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Please help me to use diminish word properly. For example, consider the way I have used this word in the sentences below. How wrong or right they are? Should I have used a synonym instead?

  1. Our sugar storage has diminished.
  2. Our hope has diminished.
  3. Please diminish its consistency/your voice(volume).
  4. The flooding has diminished in our area.

(Is it OK if, from time to time, I send this kind of questions here?)

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Since you asked, I'll offer my opinion. I have no problem with this sort of question. Clearly, you have looked up the word and you know what it means, and now you're asking if you're using it correctly in some good example sentences (in this case, sentences with uncountable nouns, which makes this a rather challenging question to answer). I think the question might be improved a little by asking, "If not, can you explain why not?" (I think that's implied here, but you may want to ask that explicitly next time; that why part is what makes ELL questions hard, instead of general reference) –  J.R. Jan 30 at 10:42
    
@ J.R Thank you very much. I will use your tips in my future posts. –  GATA Jan 30 at 10:57
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You might also want to paste a dictionary definition into the question, too, to demonstrate that you've looked up the word, and for everyone else to get a better idea of what you think the word means. (Some people think that's redundant, but, given that one user has already – wrongly, I think – denounced that you're making up your own sentences, perhaps this can serve as a signpost demonstrating the value of that practice.) –  J.R. Jan 30 at 11:00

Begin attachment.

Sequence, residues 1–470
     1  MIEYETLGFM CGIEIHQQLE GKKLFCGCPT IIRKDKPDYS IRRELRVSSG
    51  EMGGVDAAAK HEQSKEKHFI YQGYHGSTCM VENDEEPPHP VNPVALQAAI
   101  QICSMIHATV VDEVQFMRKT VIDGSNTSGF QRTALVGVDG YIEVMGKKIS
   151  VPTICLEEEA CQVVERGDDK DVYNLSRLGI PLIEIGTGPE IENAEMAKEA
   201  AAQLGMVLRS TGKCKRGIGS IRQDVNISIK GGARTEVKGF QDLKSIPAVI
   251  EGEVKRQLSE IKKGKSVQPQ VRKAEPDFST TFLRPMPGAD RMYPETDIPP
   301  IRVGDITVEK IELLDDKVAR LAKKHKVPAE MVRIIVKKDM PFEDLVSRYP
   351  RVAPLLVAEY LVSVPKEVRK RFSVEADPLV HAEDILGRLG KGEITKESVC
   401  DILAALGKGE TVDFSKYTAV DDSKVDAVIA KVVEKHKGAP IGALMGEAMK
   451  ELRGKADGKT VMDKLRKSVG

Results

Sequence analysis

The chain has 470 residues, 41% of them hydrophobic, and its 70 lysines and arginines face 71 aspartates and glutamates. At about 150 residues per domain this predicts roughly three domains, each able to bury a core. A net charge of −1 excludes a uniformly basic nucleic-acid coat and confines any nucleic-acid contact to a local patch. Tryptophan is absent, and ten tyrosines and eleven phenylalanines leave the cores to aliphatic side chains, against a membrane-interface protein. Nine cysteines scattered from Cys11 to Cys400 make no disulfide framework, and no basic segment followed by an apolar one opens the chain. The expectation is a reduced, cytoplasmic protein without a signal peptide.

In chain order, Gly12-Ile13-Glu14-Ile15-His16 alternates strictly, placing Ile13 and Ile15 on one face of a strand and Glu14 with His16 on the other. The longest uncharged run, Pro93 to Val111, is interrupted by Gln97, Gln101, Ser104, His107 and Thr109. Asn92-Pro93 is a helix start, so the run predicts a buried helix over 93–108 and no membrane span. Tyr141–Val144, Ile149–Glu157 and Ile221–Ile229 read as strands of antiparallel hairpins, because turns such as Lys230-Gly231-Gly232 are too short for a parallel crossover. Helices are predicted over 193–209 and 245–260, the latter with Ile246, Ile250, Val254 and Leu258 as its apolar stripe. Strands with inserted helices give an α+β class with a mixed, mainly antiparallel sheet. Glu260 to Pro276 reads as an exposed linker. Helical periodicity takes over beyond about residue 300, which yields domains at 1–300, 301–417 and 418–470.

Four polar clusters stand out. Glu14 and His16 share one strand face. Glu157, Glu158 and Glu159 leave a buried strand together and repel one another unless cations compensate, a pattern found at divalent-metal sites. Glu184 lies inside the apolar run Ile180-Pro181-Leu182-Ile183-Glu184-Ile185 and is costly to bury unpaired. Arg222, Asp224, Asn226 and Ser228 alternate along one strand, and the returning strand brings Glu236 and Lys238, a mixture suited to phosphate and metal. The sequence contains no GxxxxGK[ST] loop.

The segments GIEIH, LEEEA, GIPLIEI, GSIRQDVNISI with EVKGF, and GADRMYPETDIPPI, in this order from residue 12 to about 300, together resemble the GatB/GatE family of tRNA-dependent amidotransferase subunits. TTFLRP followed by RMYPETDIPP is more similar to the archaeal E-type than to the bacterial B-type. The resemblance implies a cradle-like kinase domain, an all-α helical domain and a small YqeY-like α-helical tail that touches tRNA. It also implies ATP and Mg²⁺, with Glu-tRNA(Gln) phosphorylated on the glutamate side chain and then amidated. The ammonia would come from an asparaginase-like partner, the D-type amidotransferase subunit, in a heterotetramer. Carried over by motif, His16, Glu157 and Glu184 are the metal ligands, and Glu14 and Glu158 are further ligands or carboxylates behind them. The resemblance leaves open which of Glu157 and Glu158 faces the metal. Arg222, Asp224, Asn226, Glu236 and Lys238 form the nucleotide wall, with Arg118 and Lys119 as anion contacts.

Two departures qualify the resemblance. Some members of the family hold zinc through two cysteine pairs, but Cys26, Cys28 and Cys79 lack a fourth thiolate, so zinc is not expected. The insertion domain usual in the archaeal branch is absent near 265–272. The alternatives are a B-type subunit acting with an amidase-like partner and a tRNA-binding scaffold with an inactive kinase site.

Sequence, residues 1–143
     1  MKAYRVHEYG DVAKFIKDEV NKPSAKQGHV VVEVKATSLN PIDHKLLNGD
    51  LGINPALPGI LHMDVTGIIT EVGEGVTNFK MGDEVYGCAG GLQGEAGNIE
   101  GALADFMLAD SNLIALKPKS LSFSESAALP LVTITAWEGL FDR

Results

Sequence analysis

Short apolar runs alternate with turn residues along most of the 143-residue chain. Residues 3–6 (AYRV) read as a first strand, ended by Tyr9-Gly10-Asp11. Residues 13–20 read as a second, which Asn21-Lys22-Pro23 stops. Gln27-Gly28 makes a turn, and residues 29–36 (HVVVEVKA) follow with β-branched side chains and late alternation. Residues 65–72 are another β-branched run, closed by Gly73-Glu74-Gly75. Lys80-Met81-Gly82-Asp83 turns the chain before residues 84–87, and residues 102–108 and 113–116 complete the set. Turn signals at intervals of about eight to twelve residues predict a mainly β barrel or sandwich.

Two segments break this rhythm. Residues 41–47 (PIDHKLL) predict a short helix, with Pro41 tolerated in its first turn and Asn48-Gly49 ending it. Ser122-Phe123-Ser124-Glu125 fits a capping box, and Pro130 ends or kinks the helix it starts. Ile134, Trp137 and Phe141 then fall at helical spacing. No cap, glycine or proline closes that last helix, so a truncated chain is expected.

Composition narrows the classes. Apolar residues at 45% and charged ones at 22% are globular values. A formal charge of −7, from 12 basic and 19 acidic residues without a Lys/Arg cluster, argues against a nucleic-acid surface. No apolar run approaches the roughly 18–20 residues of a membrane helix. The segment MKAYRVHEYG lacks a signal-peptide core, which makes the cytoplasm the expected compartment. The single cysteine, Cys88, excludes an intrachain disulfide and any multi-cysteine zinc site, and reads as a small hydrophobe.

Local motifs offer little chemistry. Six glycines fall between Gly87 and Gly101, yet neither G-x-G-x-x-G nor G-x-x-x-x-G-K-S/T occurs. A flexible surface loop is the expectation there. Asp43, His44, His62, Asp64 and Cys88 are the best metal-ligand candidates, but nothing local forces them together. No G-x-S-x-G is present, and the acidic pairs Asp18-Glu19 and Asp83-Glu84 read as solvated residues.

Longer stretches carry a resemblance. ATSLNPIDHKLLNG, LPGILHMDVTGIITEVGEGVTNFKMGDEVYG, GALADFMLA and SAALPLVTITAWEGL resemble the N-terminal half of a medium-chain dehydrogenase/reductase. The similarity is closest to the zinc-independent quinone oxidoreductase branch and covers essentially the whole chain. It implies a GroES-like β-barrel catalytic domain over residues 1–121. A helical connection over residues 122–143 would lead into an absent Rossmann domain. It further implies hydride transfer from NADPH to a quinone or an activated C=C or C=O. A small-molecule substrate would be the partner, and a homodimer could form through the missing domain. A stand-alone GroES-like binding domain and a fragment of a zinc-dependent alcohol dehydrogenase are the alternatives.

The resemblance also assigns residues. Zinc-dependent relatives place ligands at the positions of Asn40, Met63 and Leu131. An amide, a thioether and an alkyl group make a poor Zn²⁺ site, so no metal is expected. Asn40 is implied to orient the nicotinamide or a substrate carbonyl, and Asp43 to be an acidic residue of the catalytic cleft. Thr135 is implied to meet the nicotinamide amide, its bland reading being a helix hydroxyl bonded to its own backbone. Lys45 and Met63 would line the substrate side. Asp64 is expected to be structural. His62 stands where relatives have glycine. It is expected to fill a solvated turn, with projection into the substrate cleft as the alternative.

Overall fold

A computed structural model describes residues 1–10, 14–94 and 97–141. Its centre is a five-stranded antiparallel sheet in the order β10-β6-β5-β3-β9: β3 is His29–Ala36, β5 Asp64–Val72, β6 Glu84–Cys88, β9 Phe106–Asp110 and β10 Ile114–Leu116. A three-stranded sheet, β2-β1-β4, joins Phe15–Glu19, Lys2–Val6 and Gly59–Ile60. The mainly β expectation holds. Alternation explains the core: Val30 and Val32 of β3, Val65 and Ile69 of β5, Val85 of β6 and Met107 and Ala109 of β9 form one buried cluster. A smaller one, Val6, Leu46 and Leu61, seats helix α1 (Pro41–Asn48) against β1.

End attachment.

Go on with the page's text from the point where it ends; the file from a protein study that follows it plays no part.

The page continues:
2 Answers 2

up vote 5 down vote accepted

Our hope has diminished.

Nothing wrong here. We use the word diminished with emotions often, particularly when the diminishing emotion is positive. When things are getting better, though, we might not be as likely to say, "Our despair has diminished", instead saying something more like, "Our despair has lifted."

Please diminish your voice.

Definitely not. As individuals, we lower our voices, not diminish them. That said, I think it would be okay to talk about crowd noise diminishing. We walked away from Times Square, and the voices diminished. I wouldn't have any problem with that sentence.

Our sugar supplies have diminished.

You may notice I took the liberty of substituting storage with supplies. Storage doesn't diminish, but supplies can. That said, my revised sentence seems to have a very formal register. I would never say that in my own kitchen, but an executive in a chocolate factory might: "Our sugar supplies are diminished; if the trucks don't get here with a new shipment soon, we'll be forced to shut down the production line."

The flooding has diminished in our area.

This is a tricky one. It seems grammatical, but I don't like it – probably for idiomatic reasons. I think I would say instead, "The flooding has receded in our area", which is a more descriptive word, and one my ears are used to hearing being used with flooding.